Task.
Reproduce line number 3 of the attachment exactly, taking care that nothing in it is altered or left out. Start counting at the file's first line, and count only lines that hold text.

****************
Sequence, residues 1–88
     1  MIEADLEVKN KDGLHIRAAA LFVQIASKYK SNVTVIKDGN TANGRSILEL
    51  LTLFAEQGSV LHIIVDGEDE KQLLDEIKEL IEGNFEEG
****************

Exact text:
    51  LTLFAEQGSV LHIIVDGEDE KQLLDEIKEL IEGNFEEG